Gareth Southgate is set to tell the Football Association that he wants to remain as England manager, after changing his mind in the wake of the team’s World Cup campaign.
England’s defeat to France, in the quarter-finals a week ago, left the manager’s future in doubt, despite having a contract until the end of Euro 2024.
It was likely to be up to Southgate, with the FA wanting him to stay on, but it wasn’t known if he was minded to stay on or not, especially after he dropped a hint.
According to the Telegraph, the 52-year-old has now made his decision, and will stay on until the next major tournament, in Germany, in 18 months time.
The report claims that Southgate spoke to family and friends about his future, after returning home with his squad from Qatar on Sunday.
Ahead of the World Cup, the former Aston Villa centre-back was actually expected to stand down from the position, even if he’d taken the team all the way.
That was due to the fact that there’d been so much negativity around the team in the previous months, especially last summer.
At that point, the Euro 2020 runners-up went four games without a win during the Nations League games that came after the club season.
They lost twice to Hungary, including a 4-0 loss at home, and drew with Germany and Italy, leading to calls for him to go at that point.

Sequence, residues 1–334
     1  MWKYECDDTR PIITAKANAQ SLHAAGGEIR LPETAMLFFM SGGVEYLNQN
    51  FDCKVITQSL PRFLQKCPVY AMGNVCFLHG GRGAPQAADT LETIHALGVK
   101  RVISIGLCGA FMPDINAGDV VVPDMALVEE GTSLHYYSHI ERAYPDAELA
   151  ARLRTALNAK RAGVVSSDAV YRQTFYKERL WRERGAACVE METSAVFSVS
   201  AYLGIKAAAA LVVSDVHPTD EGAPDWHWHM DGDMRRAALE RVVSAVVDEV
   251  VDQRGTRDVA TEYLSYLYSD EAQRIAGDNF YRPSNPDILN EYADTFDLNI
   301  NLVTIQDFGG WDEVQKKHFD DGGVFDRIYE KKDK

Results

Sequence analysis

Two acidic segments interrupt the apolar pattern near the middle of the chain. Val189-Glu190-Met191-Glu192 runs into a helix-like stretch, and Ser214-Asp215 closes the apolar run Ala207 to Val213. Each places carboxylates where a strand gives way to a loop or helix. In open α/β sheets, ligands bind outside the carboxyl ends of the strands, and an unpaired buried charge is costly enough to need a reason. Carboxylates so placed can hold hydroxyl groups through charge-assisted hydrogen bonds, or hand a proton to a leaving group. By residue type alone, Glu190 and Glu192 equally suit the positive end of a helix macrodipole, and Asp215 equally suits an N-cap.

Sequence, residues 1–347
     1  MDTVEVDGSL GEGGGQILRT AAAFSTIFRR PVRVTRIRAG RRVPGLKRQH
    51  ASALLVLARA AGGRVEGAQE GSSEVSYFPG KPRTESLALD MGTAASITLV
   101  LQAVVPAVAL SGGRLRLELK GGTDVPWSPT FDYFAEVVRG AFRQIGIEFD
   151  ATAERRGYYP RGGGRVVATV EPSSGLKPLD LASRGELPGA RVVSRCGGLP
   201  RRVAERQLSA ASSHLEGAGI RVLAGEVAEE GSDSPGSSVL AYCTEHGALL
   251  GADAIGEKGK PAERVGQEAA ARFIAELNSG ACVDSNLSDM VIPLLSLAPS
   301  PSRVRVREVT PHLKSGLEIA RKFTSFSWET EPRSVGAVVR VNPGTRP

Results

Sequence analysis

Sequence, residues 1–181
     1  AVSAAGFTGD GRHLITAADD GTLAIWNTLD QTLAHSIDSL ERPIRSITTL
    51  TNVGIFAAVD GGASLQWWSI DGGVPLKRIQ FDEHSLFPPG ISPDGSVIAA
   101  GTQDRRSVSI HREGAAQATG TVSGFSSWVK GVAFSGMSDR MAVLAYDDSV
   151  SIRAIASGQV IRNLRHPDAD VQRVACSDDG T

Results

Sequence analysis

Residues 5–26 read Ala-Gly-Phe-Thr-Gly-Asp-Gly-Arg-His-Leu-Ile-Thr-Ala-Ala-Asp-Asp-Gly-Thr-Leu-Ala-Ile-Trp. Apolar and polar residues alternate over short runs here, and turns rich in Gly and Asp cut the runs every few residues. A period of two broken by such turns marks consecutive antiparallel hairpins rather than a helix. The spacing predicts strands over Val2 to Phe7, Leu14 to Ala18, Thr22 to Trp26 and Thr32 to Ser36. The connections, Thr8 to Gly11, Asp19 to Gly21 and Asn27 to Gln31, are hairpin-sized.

In September they again lost, this time to Italy, meaning they were relegated, but then drew 3-3 with Germany, having been 2-0 down, with fans wanting a more attacking approach.
Southgate now looks like he’ll stay. Image: AlamyThere is no doubt that the manager did turn things around in the Middle East over the past five weeks, even if it ultimately ended in failure.
Southgate went into the tournament with a back four in the opening game against Iran, abandoning the back five he’d previously played with, and continued it throughout the group stages.
That would have been expected to change for the knockouts but the manager stuck with it against Senegal and even France, who defeated them 2-1.
A source told the Telegraph that a change in feeling around the manager helped him change his mind and stay, saying, “The landscape is different to June. The concern was the negativity would inhibit the team and Gareth wasn’t sure staying would be an option.”
Southgate consoles Harry Kane after his missed penalty. Image: AlamyBetween 1968 and 2016, the national team had won just six games in elimination games in major international tournaments.
Southgate has matched that record in the past six years, reaching the semi-finals of the 2018 World Cup, final of Euro 2020 and quarters this time around.
Despite it being their worst result of the three, England produced arguably their best football under Southgate so far.
The decision to bring Phil Foden into the starting line up after the first two games showed he’s more than willing to adapt when things aren’t going right.
He will no doubt be determined to leave having finally won the first silverware for England’s men’s team since 1966 in 18 months time.